Can You Prove it’s Discrimination? A Comparative Review of Direct Discrimination and the Shifting Onus of Proof
Posted: 19 Sep 2018
Date Written: June 1, 2018
The paradigm case of discrimination goes by different names and definitions in different jurisdictions. It is usually conceived of as acting on the basis of prejudice. This apparently simple idea has many complexities that have led to differing formulations of direct discrimination (or its US equivalent, disparate treatment). The variation between these definitions underlines the vagueness of the concept of discrimination, which flows through to making it difficult for individuals to know exactly what must be proved and how to make their proof. The relevance of intention is a central unresolved issue in the paradigm case: many definitions require showing of some sort of mental element. In the US this is referred to as a requirement for intention, whereas in Australia there has been direct judicial and legislative denial that any intention is required to prove direct discrimination. However, some ‘causal connection’ to the prohibited attribute must still be shown.
If some element of intention or connection is necessary to prove the paradigm case, then how this can be proved is vital to the success of any claim. Jurisdictions approach this question of proof in different ways. Many legal systems acknowledge that it can be very difficult to prove any ‘mental element’ because the respondent generally controls the evidence of their own intentions, reasons or motives for their decision. In response, most laws provide a mechanism to shift the onus to the respondent once certain elements are proved, so that the respondent then has to introduce evidence of the mental element or in some systems, disprove it. This shifting onus makes it possible for a claimant to make out their case. American federal law relies of the proof formula in McDonnell-Douglas v Green, and European law (given effect in UK) contains directives that require the onus of proof to be reversed, so that once a prima facie case has been raised, then an inference of discrimination can be made. Australian anti-discrimination law fails to deal with the problem of proof at all, making it very difficult to succeed with a direct discrim claim in the absence of express evidence. In contrast, Australian labour law contains provisions for remedies for discriminatory treatment at work that contain an explicit shifting onus requiring the respondent to disprove the presence of an alleged activating motive.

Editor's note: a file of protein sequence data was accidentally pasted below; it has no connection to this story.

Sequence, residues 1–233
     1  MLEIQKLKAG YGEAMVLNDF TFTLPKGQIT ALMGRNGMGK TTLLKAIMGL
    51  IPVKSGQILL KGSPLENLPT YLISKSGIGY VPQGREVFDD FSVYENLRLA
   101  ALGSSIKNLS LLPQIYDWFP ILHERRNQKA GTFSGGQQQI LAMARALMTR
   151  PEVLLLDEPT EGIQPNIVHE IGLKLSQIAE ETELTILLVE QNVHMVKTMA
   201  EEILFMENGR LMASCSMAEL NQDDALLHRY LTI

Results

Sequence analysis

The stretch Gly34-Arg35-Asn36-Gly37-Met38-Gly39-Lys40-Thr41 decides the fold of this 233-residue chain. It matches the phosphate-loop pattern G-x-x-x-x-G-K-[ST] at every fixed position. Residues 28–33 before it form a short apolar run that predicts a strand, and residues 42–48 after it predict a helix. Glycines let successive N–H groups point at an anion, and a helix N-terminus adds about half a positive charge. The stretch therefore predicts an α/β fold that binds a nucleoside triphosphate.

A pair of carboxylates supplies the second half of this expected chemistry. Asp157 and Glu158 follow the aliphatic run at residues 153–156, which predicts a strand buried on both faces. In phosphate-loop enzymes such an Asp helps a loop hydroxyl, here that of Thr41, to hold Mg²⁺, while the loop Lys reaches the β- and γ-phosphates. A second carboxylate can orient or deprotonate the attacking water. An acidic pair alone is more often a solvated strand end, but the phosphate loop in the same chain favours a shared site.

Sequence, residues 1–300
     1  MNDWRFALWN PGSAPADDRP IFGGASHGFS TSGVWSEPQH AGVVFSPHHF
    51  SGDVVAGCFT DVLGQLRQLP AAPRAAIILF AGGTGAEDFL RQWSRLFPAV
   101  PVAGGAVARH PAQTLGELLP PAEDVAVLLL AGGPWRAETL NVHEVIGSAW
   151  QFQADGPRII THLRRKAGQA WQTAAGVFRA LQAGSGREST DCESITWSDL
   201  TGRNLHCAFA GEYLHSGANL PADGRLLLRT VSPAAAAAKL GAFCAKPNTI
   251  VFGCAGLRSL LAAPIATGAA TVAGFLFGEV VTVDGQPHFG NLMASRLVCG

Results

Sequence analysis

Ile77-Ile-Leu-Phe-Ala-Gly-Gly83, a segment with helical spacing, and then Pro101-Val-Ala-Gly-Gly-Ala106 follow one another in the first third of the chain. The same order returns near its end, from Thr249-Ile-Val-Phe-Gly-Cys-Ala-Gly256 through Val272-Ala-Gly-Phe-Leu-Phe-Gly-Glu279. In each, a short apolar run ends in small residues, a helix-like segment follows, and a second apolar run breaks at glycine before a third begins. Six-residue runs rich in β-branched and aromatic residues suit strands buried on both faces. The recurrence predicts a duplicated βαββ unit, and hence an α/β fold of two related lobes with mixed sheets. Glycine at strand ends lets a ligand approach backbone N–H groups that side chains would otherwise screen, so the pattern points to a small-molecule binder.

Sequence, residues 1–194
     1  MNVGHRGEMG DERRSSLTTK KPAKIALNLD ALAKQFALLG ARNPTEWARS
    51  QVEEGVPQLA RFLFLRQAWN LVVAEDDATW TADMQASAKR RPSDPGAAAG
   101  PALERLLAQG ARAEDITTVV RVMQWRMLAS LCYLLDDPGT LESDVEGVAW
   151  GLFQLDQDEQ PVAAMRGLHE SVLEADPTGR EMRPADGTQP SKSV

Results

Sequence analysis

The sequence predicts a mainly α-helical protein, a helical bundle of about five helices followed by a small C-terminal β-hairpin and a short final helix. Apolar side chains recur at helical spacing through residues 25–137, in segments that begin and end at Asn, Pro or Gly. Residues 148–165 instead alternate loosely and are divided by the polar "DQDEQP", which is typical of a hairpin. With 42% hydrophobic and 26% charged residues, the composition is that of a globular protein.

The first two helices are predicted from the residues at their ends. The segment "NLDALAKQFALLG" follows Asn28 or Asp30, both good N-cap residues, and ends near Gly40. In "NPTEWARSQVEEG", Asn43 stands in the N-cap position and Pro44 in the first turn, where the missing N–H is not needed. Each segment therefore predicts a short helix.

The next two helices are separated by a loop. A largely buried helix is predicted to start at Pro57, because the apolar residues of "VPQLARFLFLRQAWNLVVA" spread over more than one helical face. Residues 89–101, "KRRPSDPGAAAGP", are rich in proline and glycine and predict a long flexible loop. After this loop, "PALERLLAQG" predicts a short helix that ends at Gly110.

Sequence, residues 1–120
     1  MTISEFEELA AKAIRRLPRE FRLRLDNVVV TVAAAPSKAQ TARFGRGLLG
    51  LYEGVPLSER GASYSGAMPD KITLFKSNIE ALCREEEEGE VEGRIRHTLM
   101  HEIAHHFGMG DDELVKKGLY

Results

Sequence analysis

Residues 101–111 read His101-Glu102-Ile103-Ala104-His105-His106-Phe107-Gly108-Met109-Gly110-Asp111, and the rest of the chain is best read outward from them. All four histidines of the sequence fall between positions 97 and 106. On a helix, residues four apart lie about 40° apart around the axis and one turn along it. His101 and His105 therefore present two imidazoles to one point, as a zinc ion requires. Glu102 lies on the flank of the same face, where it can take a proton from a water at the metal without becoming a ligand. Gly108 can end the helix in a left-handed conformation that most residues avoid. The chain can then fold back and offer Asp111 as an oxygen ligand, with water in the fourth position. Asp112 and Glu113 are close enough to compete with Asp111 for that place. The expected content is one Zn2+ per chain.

This paper will begin to comparatively analyse the definition of discrimination, including the paradigm case, its mental elements, and the role of the shifting onus of proof. It will begin by considering the inchoateness of the idea of discrimination, in particular whether motive/intention is relevant or whether the law should look only to effect, and the impact of that lack of clarity on the law and its operation. In doing so it will consider to what extent the literature on implicit bias can be useful in the context of anti-discrimination law.
Keywords: discrimination, direct discrimination, onus of proof, intention, causation
JEL Classification: K31, K39
Suggested Citation: Suggested Citation